The Vida Winery in Szekszárd has launched a new red blend named after the wine region’s principal soil type, loess, which they feel has a great influence on the wine style.
Peter Vida Jr presented the wine in Budapest last week, explaining how loess was an important soil in many prominent wine regions around the world, such as Central Otago in New Zealand, various regions along the Rhine in Germany and the Danube in Austria, and of course, here in Hungary, in Szekszárd.
The Vidas have always strived to produce elegant, approachable wines, and Peter points out that loess always produces round tannins and acidity, lovely fruit and floral aromas, and, above all elegance. Their goal is to show this to the world. To show what Szekszárd is all about – authentic expressions of its diverse valleys and its loess soils.
The release of this new red blend follows on from their successful image revamp of last year, which Peter remarks actually led to a 20% increase in sales. With the image change came new labels which no longer emphasised Vida as a producer, but rather the origin of the wines, Szekszárd and its individual valleys. So, the choice of name, ’lösz’ is simply a continuation of this desire to highlight their wines’ terroir, rather than their hand in the winemaking.
Lösz, like their other premium wines, is aimed at restaurants and wine merchants, and they hope it will fill the gap between the Szekszárd trio of Kadarka, Kékfrankos and Bikavér and their flagship La Vida, and encourage people to trade up slightly to this classy new blend.
The 2017 Lösz is a blend of Cabernet Sauvignon and Franc, Kékfrankos, Merlot, Syrah and Carmenere, originating from their Barany-völgy, Hidaspetre and Virág-hegy vineyards. It’s smooth and elegant on the palate with fine, ripe tannins and intense flavours of plum, cherry and spice as well as a long finish. As the aim here is to best showcase the loess soils, the blend will change each year depending on what is best felt to highlight its characteristics.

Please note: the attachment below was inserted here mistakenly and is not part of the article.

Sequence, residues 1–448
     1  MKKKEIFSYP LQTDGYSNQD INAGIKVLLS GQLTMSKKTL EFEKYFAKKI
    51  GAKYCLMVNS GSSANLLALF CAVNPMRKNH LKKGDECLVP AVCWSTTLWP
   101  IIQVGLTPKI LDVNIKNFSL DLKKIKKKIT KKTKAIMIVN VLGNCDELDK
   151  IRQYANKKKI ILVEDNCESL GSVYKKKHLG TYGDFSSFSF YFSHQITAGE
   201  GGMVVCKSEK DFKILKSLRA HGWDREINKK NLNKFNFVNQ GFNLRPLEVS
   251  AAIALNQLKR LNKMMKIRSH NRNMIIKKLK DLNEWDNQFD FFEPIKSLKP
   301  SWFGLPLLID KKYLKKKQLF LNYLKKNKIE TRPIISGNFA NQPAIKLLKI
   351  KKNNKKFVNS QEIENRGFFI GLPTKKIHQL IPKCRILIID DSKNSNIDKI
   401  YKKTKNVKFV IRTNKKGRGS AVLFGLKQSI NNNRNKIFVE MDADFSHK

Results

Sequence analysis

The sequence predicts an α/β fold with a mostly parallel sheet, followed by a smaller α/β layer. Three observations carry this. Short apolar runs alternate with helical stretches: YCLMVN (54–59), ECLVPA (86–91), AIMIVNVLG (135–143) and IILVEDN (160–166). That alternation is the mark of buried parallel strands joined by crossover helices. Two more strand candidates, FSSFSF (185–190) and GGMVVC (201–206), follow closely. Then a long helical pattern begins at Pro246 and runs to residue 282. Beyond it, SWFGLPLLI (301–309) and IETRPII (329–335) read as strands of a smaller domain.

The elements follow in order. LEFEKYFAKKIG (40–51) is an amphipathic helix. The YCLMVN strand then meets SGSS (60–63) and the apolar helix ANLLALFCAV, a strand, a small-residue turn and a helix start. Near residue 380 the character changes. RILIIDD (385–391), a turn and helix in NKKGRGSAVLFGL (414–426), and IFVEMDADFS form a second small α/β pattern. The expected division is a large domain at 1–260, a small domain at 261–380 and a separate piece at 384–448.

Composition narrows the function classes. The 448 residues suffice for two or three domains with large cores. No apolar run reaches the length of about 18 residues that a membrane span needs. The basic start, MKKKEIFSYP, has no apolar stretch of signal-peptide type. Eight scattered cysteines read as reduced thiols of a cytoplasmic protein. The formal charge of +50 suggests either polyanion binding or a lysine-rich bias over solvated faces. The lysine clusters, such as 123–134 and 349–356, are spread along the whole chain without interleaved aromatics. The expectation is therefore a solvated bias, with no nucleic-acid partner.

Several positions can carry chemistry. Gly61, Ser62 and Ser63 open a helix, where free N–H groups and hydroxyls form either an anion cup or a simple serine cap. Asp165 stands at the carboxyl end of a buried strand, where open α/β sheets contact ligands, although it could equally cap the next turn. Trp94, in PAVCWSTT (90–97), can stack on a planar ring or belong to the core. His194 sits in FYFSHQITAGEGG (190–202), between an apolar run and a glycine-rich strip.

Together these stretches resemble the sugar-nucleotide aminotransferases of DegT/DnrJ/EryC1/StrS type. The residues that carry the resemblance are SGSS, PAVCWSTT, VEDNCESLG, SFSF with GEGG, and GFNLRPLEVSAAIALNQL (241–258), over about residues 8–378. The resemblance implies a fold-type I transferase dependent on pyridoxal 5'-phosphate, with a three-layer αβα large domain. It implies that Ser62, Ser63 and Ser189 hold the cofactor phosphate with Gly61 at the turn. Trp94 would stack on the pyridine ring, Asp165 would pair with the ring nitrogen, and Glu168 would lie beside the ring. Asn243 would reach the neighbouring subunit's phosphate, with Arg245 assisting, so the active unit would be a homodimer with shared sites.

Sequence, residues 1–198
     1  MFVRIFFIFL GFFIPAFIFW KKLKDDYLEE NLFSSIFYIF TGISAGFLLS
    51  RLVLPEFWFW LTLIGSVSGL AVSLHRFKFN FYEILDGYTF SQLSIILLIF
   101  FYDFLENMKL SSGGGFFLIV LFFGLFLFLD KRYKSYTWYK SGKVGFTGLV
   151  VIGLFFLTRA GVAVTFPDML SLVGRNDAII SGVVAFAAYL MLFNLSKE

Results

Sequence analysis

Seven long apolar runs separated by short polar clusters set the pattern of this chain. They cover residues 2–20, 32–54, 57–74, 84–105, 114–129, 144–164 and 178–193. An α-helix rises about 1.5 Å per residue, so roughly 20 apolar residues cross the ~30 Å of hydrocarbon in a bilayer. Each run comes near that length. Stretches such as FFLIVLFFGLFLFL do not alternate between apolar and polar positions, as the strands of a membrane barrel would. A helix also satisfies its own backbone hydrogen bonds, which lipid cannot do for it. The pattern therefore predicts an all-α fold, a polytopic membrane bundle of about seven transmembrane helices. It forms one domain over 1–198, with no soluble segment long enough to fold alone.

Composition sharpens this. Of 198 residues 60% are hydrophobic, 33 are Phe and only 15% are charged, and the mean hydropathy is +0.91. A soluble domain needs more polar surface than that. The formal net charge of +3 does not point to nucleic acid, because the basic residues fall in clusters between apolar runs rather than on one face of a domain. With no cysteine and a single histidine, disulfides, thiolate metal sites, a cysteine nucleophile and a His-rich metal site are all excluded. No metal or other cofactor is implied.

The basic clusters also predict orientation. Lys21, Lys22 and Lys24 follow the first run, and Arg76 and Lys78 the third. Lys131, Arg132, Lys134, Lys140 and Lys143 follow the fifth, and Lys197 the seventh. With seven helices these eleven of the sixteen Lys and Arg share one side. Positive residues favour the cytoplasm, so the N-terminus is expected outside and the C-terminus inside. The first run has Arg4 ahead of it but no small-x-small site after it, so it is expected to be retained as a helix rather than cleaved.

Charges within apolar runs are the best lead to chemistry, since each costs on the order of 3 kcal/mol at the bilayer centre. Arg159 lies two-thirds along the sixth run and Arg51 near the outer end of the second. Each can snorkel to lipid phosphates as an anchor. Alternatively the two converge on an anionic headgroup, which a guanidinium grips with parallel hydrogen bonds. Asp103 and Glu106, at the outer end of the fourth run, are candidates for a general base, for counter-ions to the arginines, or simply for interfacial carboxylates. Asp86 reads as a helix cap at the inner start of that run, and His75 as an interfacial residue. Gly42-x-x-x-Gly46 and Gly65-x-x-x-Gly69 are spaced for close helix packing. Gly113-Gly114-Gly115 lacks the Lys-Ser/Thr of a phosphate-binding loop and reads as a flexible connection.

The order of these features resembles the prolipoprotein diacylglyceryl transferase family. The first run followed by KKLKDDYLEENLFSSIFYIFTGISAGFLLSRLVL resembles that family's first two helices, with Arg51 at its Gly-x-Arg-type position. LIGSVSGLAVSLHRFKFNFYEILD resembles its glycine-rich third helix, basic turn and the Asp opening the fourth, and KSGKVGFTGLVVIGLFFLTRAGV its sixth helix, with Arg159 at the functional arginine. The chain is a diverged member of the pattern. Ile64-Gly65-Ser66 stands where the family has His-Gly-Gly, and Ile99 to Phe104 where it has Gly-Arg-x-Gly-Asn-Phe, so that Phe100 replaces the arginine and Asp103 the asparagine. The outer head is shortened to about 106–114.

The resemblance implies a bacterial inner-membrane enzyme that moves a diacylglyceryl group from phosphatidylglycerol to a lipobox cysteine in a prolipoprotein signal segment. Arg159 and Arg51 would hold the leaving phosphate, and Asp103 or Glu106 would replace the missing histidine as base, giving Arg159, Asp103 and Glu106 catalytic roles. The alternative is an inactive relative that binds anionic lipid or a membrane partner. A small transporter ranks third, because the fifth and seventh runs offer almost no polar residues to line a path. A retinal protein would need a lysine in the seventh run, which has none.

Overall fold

No, it’s not a typo, it’s deliberate. It’s about two volcanoes, distant in time and space. One is well-known around the world, while few are aware of the existence of the other. One is ancient and now sleeps like the dead, the other is alive and could kick into action at any time. One lies by the sea, above a sprawling city, while the other rises out of the Kisalföld plain in Hungary, just like the hat God left behind. They each have their own stories to tell and indeed their own tails. But let’s begin with the less discovered.
One of the regions in Hungary that lies closest to my heart is also one of its smallest. The black basalt volcanic butte protruding from the flatlands surrounding it is home to a myriad of small winemakers as well as a couple of large ones. Covered with verdant vines, press houses and wineries, it is a world unto itself. Narrow roads, often sunk between walls of black volcanic rock, just like a surreal, maybe underworld version of sunken English country lanes, where there is only room for one car at a time, wind up the sides of the black hill. This world is Somló. Where the rest of the world seems far away and the hill seems to stand watch over the plain around it, just like the Hungarian name for this type of volcanic butte, ’witness mountain’. Sometimes it feels like time is standing still up here on the hill, certainly there is no running water up on its sides, so those living here collect rainwater to meet their needs, or fetch water from one of the local springs. It certainly makes you think about how you expend resources while you are up here.
Unless you are really into wine, then you are probably blissfully unaware of Somló’s existence. Although, blissfully is perhaps not quite the right word, I would say that I am blissfully aware of its existence, as are a growing number of wine lovers, especially those, like me, who are in love with volcanic wines. Somló’s uniqueness, both as a place and in terms of the wines that its soils yield, has earned it a cult-like following, and a growing number of young, experimental winemakers are setting up shop on its slopes. Somló is starting to earn back its reputation of yore, when its wines were transported far and wide and even rivalled those of Hungary’s shining star Tokaj!